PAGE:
Westies need to feel very familiar with their owners before they want to show affection by cuddling. Owners who got a Westie as a small puppy will have an easier time with cuddle training the puppy as it grows. By the time it is grown up, cuddling will be a way of life.
There is nothing as sweet as a snoozing Westie on the lap or curled up nearby on the couch.
For older Westie dogs, cuddling may be a foreign concept. Previous interactions with humans may compound this uneasiness about physical proximity and vulnerability. You can overcome this reluctance with loving patience.
Also, keep in mind that an older Westie might prefer being left alone even if he liked to cuddle before. That was our case. For example, Tasha used to demand scratches by pushing her head under my arm, but she doesn’t do it anymore as she’s got older.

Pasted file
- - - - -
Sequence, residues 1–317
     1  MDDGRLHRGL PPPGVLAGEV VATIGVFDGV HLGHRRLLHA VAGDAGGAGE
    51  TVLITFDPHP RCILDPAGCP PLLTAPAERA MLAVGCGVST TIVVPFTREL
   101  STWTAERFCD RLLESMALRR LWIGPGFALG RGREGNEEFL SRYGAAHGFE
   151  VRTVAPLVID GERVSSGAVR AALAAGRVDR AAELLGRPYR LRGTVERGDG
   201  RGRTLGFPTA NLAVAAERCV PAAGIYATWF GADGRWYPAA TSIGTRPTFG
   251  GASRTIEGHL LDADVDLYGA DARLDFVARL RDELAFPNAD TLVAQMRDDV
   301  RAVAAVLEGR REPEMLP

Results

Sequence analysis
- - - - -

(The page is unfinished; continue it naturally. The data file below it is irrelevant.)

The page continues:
- Never force a dog to come onto the lap or cuddle. This is invasive and will sow further seeds of distrust in the dog. Westies are independent and need to feel that they are in control of their own bodies.
- Give the dog as much love as possible, but on their own terms, while being available for closer contact. For instance, the Westie may prefer to curl up next to his owner rather than sit on the lap. Being willing to love on the dog’s terms leaves the door open for closer cuddles when the dog feels ready.
- Westies love to be the center of attention. A Westie who receives additional attention while cuddling is more likely to repeat the cuddling to receive more attention.